The results varied based on the experiment group type; for example in one study, the results reliability were between. 71 and . 86 and the study groups consisted of children in pediatric-medical outpatients, psychiatric referrals and public school students. Test – retest Reliability. The CDI is given to the individual and the questions are based on the feelings and function for the previous two weeks. The reason for using the prior two weeks is that the instrument is testing symptoms, not traits. The retest is within two to four weeks and has been found to have excellent short-term stability.

Standard Error. There are two types of standard errors related to CDI; “standard error of measurement (SEM1) and standard error of prediction (SEM2)” (Sitarenios & Kovacs, p. 272, 1999). The SEM2 is directly related to outcome assessment and is therefore an important element in retesting. This is one way in which to predict the level of change that would be found when retesting a respondent. Validity. The validity of the CDI demonstrates how reliable and accurate the results are and whether the results can be accurately estimated.

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Validity is obtain when an instrument has been tested through various studies and can be verified through expected outcomes. The CDI has been tested in numerous studies, “and its validity has been well established using a variety of techiniques (Sitarenios & Kovacs, p. 273, 1999). The CDI has been found to be an appropriate instrument in detecting symptoms of depression in children ages seven to seventeen (1999). The main manual for the CDI is based on North American children and therefore should be taken into consideration when working with children outside of North America or children originally from outside the U.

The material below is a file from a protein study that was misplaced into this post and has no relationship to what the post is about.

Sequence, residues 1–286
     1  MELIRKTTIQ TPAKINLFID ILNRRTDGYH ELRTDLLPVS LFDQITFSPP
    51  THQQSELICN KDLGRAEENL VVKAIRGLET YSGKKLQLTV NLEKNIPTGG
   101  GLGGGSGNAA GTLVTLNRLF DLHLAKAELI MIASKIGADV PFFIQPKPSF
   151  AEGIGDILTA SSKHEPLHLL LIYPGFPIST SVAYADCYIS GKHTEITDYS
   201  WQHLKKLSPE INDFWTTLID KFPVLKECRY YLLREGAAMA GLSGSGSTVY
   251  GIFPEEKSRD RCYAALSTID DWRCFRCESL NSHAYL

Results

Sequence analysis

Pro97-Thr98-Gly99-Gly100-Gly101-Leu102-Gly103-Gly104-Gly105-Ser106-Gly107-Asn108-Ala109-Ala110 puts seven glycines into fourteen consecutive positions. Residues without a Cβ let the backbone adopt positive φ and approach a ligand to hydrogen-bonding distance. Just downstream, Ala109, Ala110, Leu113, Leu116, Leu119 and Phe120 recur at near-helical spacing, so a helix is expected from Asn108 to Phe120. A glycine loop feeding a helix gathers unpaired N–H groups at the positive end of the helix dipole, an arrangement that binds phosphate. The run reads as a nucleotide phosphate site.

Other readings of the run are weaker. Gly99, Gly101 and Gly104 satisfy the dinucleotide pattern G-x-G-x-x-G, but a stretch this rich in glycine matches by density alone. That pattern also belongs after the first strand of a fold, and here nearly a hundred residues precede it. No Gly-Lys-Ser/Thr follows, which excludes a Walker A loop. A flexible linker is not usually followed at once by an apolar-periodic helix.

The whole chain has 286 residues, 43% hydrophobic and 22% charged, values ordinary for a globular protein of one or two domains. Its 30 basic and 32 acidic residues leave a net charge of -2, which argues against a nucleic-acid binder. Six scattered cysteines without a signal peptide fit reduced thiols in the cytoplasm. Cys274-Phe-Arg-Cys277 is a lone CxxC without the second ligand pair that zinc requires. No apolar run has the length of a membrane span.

S. (Sitarenios & Kovacs, 1999). There is specific research that has been conducted to assist clinicians in interpreting the CDI results for children from different ethnic background or countries. CDI Short Form The CDI short form is a ten question assessment used with children seven through seventeen and requires less time than the long form. This is a practical way of assessing the client when time is limited. When compared to the long form, research has shown the results are comparable (Sitarenios & Kovacs, 1999). Readability The readability of the CDI is often cited in the first grade level.

Sitarenios & Kovacs (1999) however tested the readability of the CDI among various grade levels using the Dale-Chall procedure in which the number of complete sentences [are] counted and divided into the number of words to determine the average sentence length (p. 275). Based on these calculations, a third grade reading level was determined to be the cited grade level for CDI; meaning the “often-cited first-grade reading level for the CDI is not definitive” (275). The implications of the readability test suggest that younger children may not understand the questions on the CDI.

Younger children, or those with reading problems should have the test read to them, while they read along, by the clinician to ensure comprehension. Administration Methods There are numerous ways in which the CDI can be administered. The following section discusses the ways in which a clinician can administer the test to children ages seven to seventeen. QuickScore. A QuickScore form may be used to administer the CDI to children. It is a self-contained form that allows the clinician to score and profile the CDI. The QuickScore is easily converted to T-scores and can be computer administered as well.